Confession can be used, judge rules

Published 12:00 am Friday, February 16, 2001

[02/16/01] Prosecutors won approval Thursday to use a murder defendant’s own words when he goes on trial in March.

Warren County Circuit Judge Isadore Patrick, after two days of testimony, ruled that James Sanders’ statement was voluntarily given, not coerced by Warren County Sheriff Martin Pace or other investigators.

Saturday will be the first anniversary of the day Sanders, 23, of Florence, is accused of robbing and killing Paul Moore, who was 23 when shot to death.

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Moore’s body was found three weeks later, on March 12, off Gowall Road in Warren County. On the next day, Sanders and his younger half-brother, Greg Sanders, then 17, were arrested.

Greg Sanders pleaded guilty as an accessory a month later, was given a suspended sentence and is expected to testify in James Sanders’ trial for murder and armed robbery starting March 26.

In the motion, Sanders’ attorney Eugene Perrier argues that his client was denied an attorney before being questioned and that Sanders was coerced into making a confession.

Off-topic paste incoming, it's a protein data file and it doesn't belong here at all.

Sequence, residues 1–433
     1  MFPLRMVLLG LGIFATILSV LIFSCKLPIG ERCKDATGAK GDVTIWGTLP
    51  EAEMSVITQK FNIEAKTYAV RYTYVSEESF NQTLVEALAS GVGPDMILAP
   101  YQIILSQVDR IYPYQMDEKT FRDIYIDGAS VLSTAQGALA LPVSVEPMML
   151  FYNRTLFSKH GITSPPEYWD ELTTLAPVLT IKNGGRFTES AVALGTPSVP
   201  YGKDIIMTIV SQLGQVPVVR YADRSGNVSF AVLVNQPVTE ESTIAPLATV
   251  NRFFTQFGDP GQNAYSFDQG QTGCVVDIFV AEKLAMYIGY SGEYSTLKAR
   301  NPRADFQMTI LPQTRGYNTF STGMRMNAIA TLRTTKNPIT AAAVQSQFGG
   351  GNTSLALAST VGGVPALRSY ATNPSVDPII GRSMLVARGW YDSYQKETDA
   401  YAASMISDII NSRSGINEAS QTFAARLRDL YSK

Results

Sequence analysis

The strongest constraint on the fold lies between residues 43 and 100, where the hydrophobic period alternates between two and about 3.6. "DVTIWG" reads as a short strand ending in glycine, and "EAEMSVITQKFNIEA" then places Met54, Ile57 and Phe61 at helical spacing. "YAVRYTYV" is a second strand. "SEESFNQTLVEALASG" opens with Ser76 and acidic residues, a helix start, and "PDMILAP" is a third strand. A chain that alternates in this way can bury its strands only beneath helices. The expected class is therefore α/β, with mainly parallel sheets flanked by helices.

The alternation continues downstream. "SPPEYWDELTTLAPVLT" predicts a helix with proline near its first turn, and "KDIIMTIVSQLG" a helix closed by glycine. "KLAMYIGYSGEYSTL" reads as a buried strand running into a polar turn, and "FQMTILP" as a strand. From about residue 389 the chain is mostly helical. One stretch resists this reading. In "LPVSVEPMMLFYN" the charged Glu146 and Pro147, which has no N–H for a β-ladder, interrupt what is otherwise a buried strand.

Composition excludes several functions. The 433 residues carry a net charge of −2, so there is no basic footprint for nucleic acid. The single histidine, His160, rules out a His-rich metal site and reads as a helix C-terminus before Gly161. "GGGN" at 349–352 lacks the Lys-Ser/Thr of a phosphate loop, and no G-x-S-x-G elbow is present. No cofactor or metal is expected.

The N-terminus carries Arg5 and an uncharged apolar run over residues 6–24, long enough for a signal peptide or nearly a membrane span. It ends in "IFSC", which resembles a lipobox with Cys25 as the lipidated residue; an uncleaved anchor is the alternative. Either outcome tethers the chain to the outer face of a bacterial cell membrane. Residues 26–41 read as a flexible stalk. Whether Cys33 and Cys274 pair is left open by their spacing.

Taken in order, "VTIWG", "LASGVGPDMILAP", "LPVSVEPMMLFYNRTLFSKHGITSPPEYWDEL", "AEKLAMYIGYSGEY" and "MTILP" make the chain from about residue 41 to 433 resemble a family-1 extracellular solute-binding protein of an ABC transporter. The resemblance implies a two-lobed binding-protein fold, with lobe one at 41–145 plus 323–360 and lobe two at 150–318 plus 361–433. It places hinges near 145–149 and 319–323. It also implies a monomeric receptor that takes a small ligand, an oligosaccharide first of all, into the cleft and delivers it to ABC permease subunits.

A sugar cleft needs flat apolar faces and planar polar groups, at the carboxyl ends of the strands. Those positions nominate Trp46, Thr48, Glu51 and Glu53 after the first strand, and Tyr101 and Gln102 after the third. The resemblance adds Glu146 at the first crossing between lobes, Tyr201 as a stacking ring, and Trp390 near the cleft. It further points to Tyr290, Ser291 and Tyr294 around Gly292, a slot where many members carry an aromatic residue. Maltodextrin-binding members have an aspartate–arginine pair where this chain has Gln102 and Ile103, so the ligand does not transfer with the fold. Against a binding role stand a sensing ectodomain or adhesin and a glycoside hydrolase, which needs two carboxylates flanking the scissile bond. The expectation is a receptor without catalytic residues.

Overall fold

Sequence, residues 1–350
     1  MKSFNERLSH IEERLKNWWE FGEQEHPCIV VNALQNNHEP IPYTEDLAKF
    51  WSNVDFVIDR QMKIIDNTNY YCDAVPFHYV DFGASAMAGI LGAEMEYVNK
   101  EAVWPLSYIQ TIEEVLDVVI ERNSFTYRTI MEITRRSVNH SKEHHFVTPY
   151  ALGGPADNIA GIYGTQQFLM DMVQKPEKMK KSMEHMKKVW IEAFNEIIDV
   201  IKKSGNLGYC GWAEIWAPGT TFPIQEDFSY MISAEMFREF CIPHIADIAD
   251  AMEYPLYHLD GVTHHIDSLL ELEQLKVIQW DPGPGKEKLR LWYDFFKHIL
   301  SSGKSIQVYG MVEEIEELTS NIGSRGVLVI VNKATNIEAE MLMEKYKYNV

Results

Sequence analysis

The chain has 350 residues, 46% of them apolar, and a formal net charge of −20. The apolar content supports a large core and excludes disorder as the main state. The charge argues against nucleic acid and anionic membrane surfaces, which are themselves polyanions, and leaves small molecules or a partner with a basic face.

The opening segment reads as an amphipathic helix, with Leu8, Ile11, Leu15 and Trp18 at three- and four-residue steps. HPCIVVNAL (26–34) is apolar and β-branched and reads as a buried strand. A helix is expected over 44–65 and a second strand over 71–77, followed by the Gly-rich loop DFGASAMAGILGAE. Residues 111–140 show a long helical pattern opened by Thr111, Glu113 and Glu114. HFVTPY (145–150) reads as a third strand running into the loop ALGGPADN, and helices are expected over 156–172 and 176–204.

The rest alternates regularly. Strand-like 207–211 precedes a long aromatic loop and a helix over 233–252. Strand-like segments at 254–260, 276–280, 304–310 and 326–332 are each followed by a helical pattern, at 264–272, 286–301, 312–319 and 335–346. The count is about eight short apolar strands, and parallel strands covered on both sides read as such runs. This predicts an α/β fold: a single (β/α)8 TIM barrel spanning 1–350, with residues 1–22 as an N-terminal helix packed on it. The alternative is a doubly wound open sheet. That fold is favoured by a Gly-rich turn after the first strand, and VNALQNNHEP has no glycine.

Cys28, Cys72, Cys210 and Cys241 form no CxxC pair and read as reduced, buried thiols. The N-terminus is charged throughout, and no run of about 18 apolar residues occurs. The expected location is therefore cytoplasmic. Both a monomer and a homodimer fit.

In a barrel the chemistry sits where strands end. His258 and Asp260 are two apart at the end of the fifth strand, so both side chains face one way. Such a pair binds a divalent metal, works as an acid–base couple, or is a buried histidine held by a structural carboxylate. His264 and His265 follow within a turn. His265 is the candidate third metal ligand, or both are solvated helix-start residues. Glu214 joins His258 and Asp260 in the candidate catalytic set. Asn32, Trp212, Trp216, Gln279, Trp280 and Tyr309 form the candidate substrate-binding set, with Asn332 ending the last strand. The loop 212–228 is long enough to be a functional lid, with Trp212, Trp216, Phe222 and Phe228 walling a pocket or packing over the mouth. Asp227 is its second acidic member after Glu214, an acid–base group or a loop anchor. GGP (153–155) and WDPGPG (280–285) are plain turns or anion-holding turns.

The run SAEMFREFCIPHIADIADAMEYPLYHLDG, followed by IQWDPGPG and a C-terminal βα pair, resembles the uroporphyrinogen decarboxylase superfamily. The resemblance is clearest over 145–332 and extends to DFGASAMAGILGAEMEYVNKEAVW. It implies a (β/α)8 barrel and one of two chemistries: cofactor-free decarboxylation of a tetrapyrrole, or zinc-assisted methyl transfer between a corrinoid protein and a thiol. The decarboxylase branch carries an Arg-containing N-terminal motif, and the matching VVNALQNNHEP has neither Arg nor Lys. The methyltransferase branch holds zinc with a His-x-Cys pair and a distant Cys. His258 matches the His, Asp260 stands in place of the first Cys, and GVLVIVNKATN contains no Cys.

Pace and Rankin County Sheriff Ken Dickerson testified that no promises were made and that Sanders voluntarily waived his right to an attorney and voluntarily gave a statement.

“The court finds this was a free and voluntary statement and an intelligent waiver of rights to counsel,” Patrick said.

In an earlier decision, District Attorney Gil Martin did not seek an indictment against Sanders for capital murder, which carries the possibility of the death penalty even though the combination of murder and armed robbery can carry that penalty.

Greg Sanders testified in April he was walking in front of Moore along the rural road when James Sanders pulled a 9 mm pistol and shot Moore in the head.

The three grew up together and were known to be friends. Authorities have not disclosed a motive other than robbery.